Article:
Subtle metric differences in facial configuration, such as between-person variation in the distances between the eyes, have been used widely in psychology to explain face recognition. However, these studies of configuration have typically utilized unfamiliar faces rather than the familiar faces that the process of recognition ultimately seeks to explain. This study investigates whether face recognition relies on the metric information presumed in configural theory, by manipulating the interocular distance in both unfamiliar and familiar faces. In Experiment 1, observers were asked to detect which face in a pair was presented with its configuration intact. In Experiment 2, this discrimination task was repeated with faces presented individually, and observers were also asked to make familiarity categorizations to the same stimuli. In both experiments, familiarity determined detection of faces in their original configuration, and also enhanced identity categorization in Experiment 2. However, discrimination of configuration was generally low. In turn, recognition accuracy was generally high irrespective of configuration condition. Moreover, observers most sensitive to configuration during discrimination did not appear to rely on this information for recognition of familiar faces. These results demonstrate that configuration theory provides limited explanatory power for the recognition of familiar faces.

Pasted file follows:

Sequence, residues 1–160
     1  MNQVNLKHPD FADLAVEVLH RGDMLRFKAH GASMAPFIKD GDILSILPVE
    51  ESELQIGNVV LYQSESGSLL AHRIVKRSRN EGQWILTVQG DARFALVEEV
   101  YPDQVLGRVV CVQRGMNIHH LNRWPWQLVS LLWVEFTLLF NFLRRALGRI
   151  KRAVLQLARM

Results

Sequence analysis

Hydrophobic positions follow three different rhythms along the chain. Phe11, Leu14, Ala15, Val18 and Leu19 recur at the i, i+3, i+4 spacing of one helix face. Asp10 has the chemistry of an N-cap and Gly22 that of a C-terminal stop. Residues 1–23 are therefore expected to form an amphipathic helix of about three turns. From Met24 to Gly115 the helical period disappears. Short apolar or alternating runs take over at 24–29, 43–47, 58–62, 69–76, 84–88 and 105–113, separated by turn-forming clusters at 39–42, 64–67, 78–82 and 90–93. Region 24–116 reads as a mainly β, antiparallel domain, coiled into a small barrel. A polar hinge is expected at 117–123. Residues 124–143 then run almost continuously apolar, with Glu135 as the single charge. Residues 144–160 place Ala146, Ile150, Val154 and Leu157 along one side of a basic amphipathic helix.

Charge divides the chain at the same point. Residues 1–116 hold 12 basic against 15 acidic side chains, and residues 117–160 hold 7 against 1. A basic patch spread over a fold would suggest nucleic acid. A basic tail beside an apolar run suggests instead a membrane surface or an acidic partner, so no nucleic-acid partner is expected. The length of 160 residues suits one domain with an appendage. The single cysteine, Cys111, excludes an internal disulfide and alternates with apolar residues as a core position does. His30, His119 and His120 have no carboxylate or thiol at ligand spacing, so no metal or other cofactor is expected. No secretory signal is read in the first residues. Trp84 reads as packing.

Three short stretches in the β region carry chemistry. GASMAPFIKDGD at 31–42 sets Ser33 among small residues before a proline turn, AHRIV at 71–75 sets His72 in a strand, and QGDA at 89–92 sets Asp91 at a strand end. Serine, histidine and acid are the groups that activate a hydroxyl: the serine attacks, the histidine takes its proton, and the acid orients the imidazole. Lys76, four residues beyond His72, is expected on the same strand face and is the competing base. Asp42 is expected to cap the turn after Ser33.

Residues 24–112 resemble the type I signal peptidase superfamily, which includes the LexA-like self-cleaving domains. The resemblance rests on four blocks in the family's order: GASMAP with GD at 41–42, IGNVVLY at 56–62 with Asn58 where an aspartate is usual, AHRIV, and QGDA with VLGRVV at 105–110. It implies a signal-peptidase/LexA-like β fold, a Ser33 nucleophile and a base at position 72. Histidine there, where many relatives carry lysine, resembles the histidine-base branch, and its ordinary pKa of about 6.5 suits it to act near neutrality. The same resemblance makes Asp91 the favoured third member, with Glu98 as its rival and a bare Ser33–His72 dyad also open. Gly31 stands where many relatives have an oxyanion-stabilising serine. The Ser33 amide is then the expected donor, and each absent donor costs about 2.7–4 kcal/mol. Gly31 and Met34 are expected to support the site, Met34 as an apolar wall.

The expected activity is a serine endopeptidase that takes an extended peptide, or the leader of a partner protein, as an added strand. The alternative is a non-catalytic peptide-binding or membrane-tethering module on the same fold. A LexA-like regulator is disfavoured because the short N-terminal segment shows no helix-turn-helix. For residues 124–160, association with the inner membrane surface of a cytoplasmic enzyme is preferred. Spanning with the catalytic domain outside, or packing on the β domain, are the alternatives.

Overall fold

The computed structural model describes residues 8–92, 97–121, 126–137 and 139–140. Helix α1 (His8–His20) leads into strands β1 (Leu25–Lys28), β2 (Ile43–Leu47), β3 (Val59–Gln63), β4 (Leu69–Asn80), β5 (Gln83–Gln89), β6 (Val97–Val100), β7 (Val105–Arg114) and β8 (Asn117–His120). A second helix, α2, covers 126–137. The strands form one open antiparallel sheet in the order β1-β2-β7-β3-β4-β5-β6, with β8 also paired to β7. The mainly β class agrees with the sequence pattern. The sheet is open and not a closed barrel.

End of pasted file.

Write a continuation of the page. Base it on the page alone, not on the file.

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The authors would like to thank Afnan Khan, Courtney Rende, Kavita Brijpaul, and Skylar Rego for assistance with data collection.
This research was supported by a University of Guelph-Humber grant.
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Sandford, A., Bindemann, M. Discrimination and recognition of faces with changed configuration. Mem Cogn (2020) doi:10.3758/s13421-019-01010-7